The present work aims at providing information about the spray structure and its interaction with the tumble motion generated by the intake ducts of a prototype gasoline direct injection (GDI) engine. The investigation was carried out characterizing the fuel evolution within a prototype cylinder, under steady state flow conditions, by the 2-D laser imaging and Particle Image Velocimetry (PIV) techniques. The results offer a database about the spatial and temporal evolution of fuel spray that can validate numerical simulation for prediction of mixture formation and combustion in direct injection gasoline engines. Experiments were taken using a common rail injection system able to work at a maximum pressure of 12 MPa, a swirled type injector with a nozzle diameter of 0.55 mm and a nominal cone angle of 50°. The investigation was conducted by applying the 2-D imaging and the PIV techniques in a flow test rig, designed for capturing the tumble motion in a prototype cylinder. The system included a blower, which supplied the intake flow rate, and a prototype 4-valve direct injection gasoline engine head modified to lay down the swirled-type injector. Tests were taken, on a plane crossing the cylinder and the injector axes, spraying the fuel at Pinj = 5, 8, and 10 MPa for an injection interval of Δt=3 ms. The results provided detailed information on the pre- and main spray evolution. At the first stage of injection, the fuel jet depicted a dense liquid column with a very small cone angle while a transition to a spray hollow-cone structure was observed at later injection time. Images of the interaction of the fuel with the tumble motion displayed, firstly, a fuel jet that traveled as a compact liquid column not affected by the tumble motion within the cylinder because of its high momentum. At later injection time, the fuel was strongly distorted by the tumble motion with the formation of secondary droplets clusters that detached from the main jet and were dispersed within the cylinder. Images highlighted a spray that penetrated with a cone angle smaller than that observed under stagnant conditions. PIV measurements showed a fuel jet having a velocity distribution profile that endorses the liquid column like typical of the pre-spray penetration. When the fuel jet reached the steady cone angle, PIV results depicted an intense momentum exchange with the tumble airflow that becomes the controlling parameter for the jet break-up and the dispersion of droplets within the cylinder.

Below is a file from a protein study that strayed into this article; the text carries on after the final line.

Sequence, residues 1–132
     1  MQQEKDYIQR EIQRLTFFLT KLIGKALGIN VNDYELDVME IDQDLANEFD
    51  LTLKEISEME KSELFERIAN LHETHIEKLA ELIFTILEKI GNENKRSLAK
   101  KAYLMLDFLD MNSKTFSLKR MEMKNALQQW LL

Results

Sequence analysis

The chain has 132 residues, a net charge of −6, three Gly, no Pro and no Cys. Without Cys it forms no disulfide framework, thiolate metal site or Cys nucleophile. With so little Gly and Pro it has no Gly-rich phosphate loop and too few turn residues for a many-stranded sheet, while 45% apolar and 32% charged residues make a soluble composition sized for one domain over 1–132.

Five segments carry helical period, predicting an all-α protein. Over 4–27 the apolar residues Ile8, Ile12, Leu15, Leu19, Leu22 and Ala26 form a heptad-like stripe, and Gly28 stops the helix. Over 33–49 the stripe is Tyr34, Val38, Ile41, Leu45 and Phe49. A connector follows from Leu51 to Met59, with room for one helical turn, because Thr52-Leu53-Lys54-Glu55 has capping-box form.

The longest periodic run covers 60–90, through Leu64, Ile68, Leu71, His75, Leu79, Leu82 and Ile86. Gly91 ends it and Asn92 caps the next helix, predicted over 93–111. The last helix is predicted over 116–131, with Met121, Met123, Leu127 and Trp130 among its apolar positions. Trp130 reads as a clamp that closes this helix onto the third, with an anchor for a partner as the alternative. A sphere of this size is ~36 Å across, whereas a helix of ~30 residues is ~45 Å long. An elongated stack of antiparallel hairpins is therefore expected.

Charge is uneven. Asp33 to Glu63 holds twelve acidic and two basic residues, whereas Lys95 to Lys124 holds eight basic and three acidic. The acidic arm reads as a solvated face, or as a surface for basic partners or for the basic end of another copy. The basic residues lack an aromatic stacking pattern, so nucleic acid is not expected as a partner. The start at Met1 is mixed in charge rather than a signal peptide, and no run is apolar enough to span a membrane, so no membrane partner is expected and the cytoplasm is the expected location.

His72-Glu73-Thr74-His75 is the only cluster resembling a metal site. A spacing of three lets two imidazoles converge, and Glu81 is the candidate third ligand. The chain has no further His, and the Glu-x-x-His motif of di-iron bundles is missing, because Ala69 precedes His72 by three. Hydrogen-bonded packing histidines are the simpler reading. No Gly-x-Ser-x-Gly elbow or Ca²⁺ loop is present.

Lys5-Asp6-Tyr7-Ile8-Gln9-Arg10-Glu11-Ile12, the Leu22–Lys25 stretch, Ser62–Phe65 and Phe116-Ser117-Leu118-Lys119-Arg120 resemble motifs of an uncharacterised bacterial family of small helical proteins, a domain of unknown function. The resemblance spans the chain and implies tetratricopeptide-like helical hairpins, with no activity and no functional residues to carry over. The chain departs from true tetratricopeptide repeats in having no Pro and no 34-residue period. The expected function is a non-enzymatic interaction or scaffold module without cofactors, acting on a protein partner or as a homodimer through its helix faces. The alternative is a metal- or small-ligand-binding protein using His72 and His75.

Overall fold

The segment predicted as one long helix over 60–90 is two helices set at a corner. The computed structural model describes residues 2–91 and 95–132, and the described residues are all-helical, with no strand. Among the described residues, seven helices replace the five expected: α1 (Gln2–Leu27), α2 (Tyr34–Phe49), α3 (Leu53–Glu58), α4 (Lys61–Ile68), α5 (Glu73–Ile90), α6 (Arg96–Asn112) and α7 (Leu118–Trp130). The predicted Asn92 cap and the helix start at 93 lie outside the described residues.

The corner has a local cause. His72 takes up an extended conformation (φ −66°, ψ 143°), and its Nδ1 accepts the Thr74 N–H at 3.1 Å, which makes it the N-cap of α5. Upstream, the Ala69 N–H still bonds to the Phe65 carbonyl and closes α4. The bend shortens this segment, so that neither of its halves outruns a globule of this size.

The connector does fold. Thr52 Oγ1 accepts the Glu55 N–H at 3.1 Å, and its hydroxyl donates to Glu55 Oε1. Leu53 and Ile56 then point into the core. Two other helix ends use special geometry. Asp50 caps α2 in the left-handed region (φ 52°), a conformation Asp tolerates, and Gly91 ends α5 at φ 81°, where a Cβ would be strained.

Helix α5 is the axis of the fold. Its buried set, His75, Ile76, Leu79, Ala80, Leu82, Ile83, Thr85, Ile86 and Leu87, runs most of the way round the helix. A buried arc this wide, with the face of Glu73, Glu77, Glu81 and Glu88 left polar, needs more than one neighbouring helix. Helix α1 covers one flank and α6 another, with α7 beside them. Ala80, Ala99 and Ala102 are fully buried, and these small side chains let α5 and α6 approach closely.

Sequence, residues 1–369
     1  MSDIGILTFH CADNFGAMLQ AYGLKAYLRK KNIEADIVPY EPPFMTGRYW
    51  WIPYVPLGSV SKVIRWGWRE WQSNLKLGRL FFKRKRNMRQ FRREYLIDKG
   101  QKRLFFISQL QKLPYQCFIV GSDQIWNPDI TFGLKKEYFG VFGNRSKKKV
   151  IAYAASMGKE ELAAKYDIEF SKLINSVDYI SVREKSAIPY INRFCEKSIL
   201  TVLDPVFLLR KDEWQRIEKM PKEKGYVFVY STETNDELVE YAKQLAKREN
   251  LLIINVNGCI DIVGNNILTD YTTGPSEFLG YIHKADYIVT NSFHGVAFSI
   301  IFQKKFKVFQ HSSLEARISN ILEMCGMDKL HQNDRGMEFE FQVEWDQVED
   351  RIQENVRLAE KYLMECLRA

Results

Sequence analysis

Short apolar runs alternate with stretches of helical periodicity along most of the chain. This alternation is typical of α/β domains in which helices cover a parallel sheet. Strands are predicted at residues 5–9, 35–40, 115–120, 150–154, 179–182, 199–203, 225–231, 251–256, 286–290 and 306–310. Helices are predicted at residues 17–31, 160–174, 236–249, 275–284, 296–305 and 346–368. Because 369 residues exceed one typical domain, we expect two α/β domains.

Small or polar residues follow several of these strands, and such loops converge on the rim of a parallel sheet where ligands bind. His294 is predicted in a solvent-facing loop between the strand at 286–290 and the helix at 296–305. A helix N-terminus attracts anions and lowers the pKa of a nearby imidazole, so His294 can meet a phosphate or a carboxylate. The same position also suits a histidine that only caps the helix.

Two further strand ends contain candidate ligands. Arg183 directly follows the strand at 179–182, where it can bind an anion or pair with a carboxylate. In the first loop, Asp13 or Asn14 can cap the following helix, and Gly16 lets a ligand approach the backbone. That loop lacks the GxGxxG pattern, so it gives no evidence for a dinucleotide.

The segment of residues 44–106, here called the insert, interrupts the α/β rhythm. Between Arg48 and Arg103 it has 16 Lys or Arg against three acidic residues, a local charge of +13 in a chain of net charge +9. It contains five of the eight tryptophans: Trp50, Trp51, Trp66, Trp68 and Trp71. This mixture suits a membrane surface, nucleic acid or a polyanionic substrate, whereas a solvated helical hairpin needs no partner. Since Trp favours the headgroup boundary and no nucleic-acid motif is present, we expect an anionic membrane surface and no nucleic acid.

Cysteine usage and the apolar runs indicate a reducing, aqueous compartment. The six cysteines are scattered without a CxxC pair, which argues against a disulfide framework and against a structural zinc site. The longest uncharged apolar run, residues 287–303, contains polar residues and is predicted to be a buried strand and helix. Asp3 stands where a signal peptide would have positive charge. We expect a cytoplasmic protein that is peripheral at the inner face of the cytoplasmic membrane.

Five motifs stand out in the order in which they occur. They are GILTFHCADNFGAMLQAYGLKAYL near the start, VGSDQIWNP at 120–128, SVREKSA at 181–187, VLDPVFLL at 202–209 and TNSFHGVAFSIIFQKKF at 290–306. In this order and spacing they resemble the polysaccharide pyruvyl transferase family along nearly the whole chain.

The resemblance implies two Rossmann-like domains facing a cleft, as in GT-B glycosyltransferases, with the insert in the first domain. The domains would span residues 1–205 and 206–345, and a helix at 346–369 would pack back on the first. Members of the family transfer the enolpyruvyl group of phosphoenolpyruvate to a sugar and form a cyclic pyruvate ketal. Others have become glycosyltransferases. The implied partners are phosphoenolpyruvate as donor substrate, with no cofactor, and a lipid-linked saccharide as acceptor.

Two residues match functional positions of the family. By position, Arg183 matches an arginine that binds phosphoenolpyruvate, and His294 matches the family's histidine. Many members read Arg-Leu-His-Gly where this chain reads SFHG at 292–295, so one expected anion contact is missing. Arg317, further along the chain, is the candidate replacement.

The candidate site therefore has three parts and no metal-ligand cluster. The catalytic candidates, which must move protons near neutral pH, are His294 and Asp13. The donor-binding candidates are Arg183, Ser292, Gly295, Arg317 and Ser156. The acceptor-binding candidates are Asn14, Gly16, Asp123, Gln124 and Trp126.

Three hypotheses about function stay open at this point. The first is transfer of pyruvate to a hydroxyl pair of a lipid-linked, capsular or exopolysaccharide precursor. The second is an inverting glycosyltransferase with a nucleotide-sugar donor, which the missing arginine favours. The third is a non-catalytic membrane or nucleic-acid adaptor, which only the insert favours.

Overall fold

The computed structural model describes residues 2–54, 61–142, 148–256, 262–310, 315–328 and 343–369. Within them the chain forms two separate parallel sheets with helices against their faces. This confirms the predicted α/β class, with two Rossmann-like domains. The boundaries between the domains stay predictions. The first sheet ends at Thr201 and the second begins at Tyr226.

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3 August 2005 | San Diego, California, United States